A: In accordance with SDCL 23-5A-29, a sample will be expunged after a receipt of a written request for expungement; certified copy of the final court order reversing and dismissing the conviction or delinquency adjudication; and any other information necessary to ascertain the validity of the request. The SDFL will expunge all DNA records and destroy the DNA sample unless the SDFL determines that the person has otherwise become obligated to submit a sample.
Latent Prints FAQ
Q: What is friction ridge skin?
A: Friction ridge skin is the skin that is on the palms and fingers of the hand and the soles and toes of the feet. Friction ridge skin has raised ridges and is designed for grasping and holding items. The ridges do not simply start on one side of the finger and travel to the other side of the finger but rather these ridges stop, start, and branch into multiple ridges to form unique and individual patterns. Friction ridge skin forms during fetal development, and except for changing in size due to growth, remains the same throughout a person's life until decomposition, barring any damage to the skin that causes scarring.
Q: What is a latent print?
A: A latent print is a chance reproduction of some area of friction ridge skin; by definition, "latent" means hidden or not visible. The pores at the tops of the friction ridges are constantly exuding sweat, which cover the friction ridges. When items are touched, this moisture, along with any other contaminates are deposited on the surface of the item in the pattern of the friction ridges, similar to a rubber stamp. Since the latent print is not visible some development processes must be used to make the latent print visible.
Q: How is a latent print made visible?
A: Through the use of crime scene lighting techniques, photography, and the application of chemicals, these impressions are enhanced so that the details of the print can be viewed. Chemicals used range from the standard black powder to specialized chemicals which react with amino acids in sweat, are specific to the sticky side of tape, or are fluorescent when exposed to particular wavelengths of light.
Q: What is a known print?
A: A known print is a deliberate reproduction of some area of friction ridge skin. This is most often done by applying printer's ink to the fingers or palm and placing them on a white fingerprint card, producing a reproduction of the friction ridge skin. They may also be made using Livescan, where the friction ridge skin is placed on a piece glass and a camera will capture the moisture left by the skin, creating an image of print. Known prints are also referred to as record prints.
Q: Why are fingerprints used for identification?
A: The two principles used for fingerprints as a positive means of identification are that fingerprints are permanent and unique. This means that an area of friction skin of an individual will not be duplicated on their own hands or feet, nor on any other person's hands or feet.
Q: Do people always leave fingerprints when they touch something?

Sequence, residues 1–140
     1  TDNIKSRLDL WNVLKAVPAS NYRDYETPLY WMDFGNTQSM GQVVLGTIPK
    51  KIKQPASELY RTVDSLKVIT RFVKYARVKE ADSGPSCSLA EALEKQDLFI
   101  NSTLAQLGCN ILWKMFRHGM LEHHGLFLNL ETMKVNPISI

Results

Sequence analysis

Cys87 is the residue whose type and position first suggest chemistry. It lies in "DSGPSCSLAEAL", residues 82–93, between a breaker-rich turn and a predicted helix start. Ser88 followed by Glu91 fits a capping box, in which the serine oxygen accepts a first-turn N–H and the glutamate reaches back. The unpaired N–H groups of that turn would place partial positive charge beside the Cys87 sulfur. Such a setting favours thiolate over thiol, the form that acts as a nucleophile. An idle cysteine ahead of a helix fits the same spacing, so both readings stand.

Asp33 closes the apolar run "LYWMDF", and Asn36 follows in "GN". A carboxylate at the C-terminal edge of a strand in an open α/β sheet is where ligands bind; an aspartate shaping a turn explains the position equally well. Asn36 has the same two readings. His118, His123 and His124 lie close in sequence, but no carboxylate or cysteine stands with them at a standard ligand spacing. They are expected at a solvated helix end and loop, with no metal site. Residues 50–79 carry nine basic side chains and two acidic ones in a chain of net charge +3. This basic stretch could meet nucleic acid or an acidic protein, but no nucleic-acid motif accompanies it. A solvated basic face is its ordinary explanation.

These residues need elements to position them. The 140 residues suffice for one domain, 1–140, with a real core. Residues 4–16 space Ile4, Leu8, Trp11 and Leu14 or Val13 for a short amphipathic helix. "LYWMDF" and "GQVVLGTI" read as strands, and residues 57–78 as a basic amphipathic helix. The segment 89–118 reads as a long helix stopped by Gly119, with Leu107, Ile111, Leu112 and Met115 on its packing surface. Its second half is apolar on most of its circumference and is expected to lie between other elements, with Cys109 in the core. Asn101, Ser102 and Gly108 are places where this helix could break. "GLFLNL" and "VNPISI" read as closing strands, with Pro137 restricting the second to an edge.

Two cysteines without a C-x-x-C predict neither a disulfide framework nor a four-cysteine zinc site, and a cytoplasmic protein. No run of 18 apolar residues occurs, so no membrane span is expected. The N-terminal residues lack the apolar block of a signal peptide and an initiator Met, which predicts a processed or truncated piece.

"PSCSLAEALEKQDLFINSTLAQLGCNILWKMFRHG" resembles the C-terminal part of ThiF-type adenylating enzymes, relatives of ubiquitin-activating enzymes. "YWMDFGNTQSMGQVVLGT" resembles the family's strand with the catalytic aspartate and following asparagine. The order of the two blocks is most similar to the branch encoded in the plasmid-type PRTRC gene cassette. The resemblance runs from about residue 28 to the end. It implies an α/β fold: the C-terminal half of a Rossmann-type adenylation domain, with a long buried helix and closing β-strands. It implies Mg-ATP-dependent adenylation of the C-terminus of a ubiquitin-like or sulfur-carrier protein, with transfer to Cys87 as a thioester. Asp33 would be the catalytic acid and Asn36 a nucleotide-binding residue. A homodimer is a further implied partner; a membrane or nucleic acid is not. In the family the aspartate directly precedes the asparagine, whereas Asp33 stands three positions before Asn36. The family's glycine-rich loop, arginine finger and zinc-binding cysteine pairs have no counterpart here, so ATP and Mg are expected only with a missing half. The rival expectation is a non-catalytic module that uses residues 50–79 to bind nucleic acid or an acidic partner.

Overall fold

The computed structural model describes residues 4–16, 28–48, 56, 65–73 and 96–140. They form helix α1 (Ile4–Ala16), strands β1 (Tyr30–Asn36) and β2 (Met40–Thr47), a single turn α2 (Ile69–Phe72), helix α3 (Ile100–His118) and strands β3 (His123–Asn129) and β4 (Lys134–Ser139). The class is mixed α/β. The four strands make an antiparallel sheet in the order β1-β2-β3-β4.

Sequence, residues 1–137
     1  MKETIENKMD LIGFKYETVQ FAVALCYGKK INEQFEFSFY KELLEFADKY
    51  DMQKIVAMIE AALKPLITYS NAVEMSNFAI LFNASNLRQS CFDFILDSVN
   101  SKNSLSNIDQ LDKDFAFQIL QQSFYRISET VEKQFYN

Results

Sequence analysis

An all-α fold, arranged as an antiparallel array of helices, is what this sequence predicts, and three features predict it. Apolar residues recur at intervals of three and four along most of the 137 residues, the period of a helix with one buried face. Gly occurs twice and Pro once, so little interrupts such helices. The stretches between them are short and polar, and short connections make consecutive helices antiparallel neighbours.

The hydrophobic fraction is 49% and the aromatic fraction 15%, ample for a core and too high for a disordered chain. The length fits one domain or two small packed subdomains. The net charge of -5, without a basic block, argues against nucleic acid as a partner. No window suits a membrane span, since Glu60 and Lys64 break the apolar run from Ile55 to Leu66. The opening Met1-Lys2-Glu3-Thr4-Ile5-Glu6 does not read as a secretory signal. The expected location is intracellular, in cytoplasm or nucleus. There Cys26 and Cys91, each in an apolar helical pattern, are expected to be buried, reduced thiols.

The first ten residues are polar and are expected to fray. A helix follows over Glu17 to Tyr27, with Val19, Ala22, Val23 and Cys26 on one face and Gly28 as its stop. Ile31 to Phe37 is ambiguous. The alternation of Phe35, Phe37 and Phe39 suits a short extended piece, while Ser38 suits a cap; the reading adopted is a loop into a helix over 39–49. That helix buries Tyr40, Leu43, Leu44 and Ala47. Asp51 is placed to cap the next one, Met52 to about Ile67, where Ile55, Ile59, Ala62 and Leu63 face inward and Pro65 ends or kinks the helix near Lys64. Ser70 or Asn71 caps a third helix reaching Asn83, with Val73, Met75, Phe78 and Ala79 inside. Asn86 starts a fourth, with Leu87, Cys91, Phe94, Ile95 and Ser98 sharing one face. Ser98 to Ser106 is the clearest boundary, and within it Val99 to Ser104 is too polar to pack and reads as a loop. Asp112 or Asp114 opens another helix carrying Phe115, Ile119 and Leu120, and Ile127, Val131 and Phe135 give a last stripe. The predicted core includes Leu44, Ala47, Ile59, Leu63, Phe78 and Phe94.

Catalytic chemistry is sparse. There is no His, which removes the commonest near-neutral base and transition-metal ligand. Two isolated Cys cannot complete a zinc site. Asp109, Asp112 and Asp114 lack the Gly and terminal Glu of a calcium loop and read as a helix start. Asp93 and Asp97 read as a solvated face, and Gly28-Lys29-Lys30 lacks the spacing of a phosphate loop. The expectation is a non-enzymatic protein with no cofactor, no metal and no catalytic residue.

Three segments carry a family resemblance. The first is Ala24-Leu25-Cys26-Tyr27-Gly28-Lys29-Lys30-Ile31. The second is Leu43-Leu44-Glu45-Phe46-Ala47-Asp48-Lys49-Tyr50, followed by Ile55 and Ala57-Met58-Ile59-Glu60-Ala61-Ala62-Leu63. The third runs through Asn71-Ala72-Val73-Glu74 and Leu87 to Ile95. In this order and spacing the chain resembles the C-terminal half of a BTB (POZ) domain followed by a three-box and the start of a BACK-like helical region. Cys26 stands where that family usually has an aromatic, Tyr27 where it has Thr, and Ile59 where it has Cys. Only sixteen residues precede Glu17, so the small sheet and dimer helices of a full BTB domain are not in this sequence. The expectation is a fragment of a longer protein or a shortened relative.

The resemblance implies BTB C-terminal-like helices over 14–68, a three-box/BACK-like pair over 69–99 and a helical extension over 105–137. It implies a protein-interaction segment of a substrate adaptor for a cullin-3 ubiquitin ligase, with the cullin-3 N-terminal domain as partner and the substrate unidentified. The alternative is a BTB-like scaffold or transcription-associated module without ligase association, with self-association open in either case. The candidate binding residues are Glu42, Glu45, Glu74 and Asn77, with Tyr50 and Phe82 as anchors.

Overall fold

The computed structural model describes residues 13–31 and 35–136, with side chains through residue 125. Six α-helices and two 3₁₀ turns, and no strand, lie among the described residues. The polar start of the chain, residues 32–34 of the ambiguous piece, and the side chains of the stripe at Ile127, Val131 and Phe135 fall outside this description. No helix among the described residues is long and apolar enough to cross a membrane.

A: No. Many factors determine whether or not a latent print will be of sufficient quality for comparison. These factors include: the condition of the surface, the presence of a substance on the friction skin, environmental and physical conditions the latent is subjected to after deposition, and the nature of the initial touch.
Q: How long will fingerprints last?
A: There is no scientific way to know how long a latent fingerprint will last. Fingerprints have been developed on surfaces that had not been touched in over forty years; yet not developed on a surface that was handled very recently. There are a multitude of factors that affect how long fingerprints last. Some include the type of surface touched; the individual who touched it, and environmental conditions can have serious bearing on how long a fingerprint will last on a surface.
Q: Can you tell how old a fingerprint is?
A: There is no scientific way to date the age of a developed latent fingerprint. The only possible way to know the approximate age of a latent fingerprint is to know the last time the surface was thoroughly cleaned. Generally latent print residue will not survive a thorough cleaning, so if a latent print is developed it was probably deposited after cleaning.
Q: Do identical twins have the same fingerprints?
A: No. No one has the same fingerprints; although identical twins have the same DNA, they have different fingerprints.
Q: Can an item be examined for both DNA and fingerprints?
A: Yes, together a DNA and Fingerprint Examiner will look over the item and determine which surfaces would yield the best results for DNA or Fingerprints. In most cases, both exams can be completed on the same item. The RUVIS is a tool that may assist in determining whether latent prints are present prior to processing and if there are swipe markings which would be better utilized for DNA.
Q: What types of items can be processed for fingerprints?
A: Under the right conditions, latent prints can be recovered from almost any surface. As technology advances, the opportunities to recover latent prints from various surfaces has also advanced.